When we hear the word mentorship, we typically think of someone seasoned walking along someone who is less experienced and seeking to learn from their wisdom and mistakes, and that would be correct — as one aspect of mentorship.
The reality is mentoring is all about relationships, and there are plenty of relationships we can learn and grow from. Not everyone has to be further ahead to teach us something.
I look at three types of mentoring relationships, which we should all have in our lives:
Level 1: Those who came before you
Level 1 relationships are with those who are beyond where you are in your current journey. That journey might be in your career, parenting, marriage, faith, fitness, health – any journey.
Your Level 1 mentors are the ones who can show you where they’ve been, share their mistakes and lessons learned, and answer questions you might have. This is who we think of when we think of traditional mentoring, those who pour into you.
For each area of your life that you’re serious and focused, I recommend having one to two Level 1 mentors who you can connect with. You might have someone different for each area of your life.
Level 2: Those who are alongside you
Level 2 mentors are those who are in the trenches of life with you, whatever the journey area is. If it’s marriage, they’ve been married a similar amount of time. If parenting, they have kids who are similar ages. If fitness, they’re working on similar goals.
Your Level 2 relationships are the ones who you can talk operations with. How are you all getting to your goals? What have you each learned from your Level 1 relationships that you can try together and tweak? They’re the friends and peers who you can hold space and accountability for.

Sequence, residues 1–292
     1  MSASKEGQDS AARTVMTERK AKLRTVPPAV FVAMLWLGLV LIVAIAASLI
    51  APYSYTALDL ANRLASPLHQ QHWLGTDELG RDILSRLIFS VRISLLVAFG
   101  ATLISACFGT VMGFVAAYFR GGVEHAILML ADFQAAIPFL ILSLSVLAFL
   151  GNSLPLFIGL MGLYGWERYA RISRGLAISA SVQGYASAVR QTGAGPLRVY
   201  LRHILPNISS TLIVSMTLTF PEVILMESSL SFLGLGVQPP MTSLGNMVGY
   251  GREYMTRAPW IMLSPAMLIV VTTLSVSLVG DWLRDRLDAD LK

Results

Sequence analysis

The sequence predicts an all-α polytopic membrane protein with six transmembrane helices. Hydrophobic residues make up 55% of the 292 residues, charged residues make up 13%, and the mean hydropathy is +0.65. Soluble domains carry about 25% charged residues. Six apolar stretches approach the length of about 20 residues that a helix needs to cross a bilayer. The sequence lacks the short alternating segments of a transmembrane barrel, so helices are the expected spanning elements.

For each area of your life that you’re serious and focused, I recommend having three to four Level 2 mentors you can connect with on that topic.
Level 3: Those who are coming behind you
Level 3 relationships are those who are a season behind you in your journey area. Perhaps you’re married and they’re engaged. You’re a director and they’re an analyst. You’re competing in marathons and they’re training for a 10k.
Your Level 3 relationships are the ones for whom you can be a Level 1.. You get to pour into them and share your own wisdom, mistakes, lessons learned, and recommendations.
Not only that, but you get to learn, because things change. I’ve found that when I share as a Level 1 to someone else’s Level 3, most of my wisdom works, but there might be a slight pivot in how things are done and I get to stay current by providing that feedback.
For example, if you’re mentoring someone on communication at work, but your role depends mostly on e-mail and their organization has moved to Slack, there might be some things they can teach you, as well. And not just about technology, but appropriate communication differences within that technology.
For each area of our life that we take seriously, I believe we should always have 1 person who is a Level 3 to mentor. You can have more, but the quality of the relationship matters, so don’t burn yourself out trying to be Super(wo)man.
Meaningful leadership in action:
Write down the areas of your life you are strongly committed to growing in. For each area, note if you have relationships that are Level 1, 2, and 3. If not, keep your eye open for someone who could be a good fit, and when you find them, have a clear conversation about expectations, boundaries, and what you each will bring to the table.